Hiberlink: Time Travel for the Scholarly Web


March 2013 to June 2015




Citation of sources is a fundamental part of scholarly discourse. Typically, the citations in journal articles and books were to other published articles or books, whether online or in print on-shelf; in today’s web-based scholarly communication the range of scholarly statements and resources that are being published and referenced has greatly enlarged. Citations are now commonly made to all types of resource (software, datasets, websites, ontologies, presentations, blogs, videos, etc) that are made available through a variety of publication venues on the Web. The highly dynamic nature of the Web introduces a significant challenge: the content at the end of any given referenced HTTP URI is very liable to change over time. As a result, what is online at the time of citation is less likely to be there when scholars wish to look up the citation. Sometimes called ‘citation rot’, this issue is two-fold: the HTTP URI may no longer work (so-called ‘link rot’), and the content at the end of the HTTP URI may have evolved and may even have become dramatically different from when originally cited.

The Hiberlink project aims to provide empirical evidence that will characterise the full extent of the problem, recognising that this goes beyond the preservation of e-journals. The intention is to provide actionable solutions that can form part of the web infrastructure for the web-published content, in order that scholarly communication and the sources upon which it depends may be preserved, understood and reused by future generations of researchers.

The technical activities include three strands:

  1. Problem Quantification: A vast corpus of scholarly work will be collected and assessed for citation rot using text mining and information extracting tools including the Memento protocol.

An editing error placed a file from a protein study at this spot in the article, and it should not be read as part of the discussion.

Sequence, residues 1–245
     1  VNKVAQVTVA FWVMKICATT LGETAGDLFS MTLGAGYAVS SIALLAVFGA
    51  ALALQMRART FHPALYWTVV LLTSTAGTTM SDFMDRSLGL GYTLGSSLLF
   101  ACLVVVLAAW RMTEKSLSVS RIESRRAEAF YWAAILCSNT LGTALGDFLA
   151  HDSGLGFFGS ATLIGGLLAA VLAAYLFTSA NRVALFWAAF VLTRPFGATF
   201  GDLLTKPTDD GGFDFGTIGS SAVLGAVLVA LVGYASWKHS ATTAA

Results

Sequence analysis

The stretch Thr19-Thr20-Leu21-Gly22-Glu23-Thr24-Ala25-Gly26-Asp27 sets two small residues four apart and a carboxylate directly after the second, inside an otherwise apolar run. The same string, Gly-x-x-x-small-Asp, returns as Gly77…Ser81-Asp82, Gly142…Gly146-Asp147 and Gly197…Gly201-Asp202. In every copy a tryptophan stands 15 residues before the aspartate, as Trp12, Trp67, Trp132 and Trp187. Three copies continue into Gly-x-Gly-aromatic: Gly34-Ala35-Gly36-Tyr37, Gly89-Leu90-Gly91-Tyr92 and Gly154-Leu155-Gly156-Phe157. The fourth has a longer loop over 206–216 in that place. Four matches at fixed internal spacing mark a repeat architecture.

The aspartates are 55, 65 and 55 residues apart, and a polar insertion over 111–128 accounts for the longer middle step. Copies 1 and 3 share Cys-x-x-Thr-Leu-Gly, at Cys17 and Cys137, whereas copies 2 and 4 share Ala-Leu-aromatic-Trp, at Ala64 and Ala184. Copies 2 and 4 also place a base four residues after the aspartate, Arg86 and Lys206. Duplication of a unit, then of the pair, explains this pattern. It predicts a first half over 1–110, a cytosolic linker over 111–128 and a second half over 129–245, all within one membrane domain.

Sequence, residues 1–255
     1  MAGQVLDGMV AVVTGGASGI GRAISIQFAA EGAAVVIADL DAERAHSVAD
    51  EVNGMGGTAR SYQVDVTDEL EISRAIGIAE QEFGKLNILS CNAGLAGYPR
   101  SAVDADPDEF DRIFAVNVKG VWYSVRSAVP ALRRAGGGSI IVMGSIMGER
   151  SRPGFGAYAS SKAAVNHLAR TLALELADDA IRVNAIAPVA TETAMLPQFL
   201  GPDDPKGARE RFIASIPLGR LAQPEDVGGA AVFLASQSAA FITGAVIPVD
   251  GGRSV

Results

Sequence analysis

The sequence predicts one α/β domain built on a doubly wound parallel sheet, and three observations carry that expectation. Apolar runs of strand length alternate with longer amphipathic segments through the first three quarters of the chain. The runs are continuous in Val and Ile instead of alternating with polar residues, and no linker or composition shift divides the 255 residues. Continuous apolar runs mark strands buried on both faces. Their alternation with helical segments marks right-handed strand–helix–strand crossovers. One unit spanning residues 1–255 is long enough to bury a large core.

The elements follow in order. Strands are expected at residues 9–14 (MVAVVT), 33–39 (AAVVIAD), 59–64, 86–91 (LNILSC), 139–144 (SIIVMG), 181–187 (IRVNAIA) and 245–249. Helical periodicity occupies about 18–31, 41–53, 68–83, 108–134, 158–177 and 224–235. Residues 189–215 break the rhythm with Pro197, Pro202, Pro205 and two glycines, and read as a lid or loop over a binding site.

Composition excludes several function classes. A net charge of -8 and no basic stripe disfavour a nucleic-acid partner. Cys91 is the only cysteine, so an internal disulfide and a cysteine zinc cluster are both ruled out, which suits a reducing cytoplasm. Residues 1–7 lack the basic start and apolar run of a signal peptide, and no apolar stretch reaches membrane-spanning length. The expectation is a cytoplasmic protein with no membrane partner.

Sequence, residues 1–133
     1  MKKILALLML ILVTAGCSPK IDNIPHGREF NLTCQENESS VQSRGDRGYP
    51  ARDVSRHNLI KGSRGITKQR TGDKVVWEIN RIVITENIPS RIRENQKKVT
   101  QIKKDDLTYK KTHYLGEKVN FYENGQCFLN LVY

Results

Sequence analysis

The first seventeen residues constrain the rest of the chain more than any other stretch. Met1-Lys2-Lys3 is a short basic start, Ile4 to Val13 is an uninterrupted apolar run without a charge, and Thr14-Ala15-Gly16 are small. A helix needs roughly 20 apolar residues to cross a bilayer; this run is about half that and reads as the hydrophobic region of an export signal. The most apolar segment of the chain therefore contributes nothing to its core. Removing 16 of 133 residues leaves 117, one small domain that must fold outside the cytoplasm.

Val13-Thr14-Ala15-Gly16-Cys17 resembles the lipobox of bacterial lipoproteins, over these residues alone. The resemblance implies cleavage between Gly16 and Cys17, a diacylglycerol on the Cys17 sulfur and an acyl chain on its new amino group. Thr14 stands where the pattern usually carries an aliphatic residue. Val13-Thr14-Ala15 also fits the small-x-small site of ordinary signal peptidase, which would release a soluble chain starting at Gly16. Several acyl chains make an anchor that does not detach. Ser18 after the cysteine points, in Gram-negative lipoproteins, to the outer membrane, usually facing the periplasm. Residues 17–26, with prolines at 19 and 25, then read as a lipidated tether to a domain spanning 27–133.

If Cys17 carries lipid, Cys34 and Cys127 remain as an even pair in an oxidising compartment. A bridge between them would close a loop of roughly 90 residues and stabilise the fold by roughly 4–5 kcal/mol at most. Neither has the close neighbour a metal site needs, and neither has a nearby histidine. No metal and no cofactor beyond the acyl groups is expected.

2. Archival Solution Infrastructure: Pro-active approaches for archiving citations at the point of use will be investigated.
  3. Temporal Reference Solutions: New methods of citations will be researched in order to provide time stamps in citations to enable access to the correct archived version of a reference.

We will work with publication venues to evaluate the proposed prototype solutions for broad deployment. The results and outcomes of this project will be share openly with the research community.

Project Deliverables

  • Raised awareness of the Reference Rot through presentations at 27 international conferences and events. See the full list of presentations.
  • A report on the extent to which the context that surrounded a scholarly paper at the time of its publication can be recreated at a later time, and the extent to which the ability to do so is dependent upon properties of the publication venue, the publication, and the cited resources
  • A report for pro-active archiving
  • A prototype tool to demonstrate how pro-active archiving could be embedded with existing publication systems
  • A report on temporal referencing
  • A prototype tool to demonstrate seamless navigation of cited HTTP URIs toward the appropriate temporal version in a web archive


EDINA Contacts

Project Manager: Muriel Mewissen, EDINA
Tel: +44 (0) 131 651 7283


The Andrew W. Mellon Foundation



Contact us at: edina@ed.ac.uk
EDINA, University of Ediburgh
Argyle House, 3 Lady Lawson Street
Edinburgh, United Kingdom EH3 9DR

EDINA is the Jisc centre for digital expertise & online service delivery at the University of Edinburgh.

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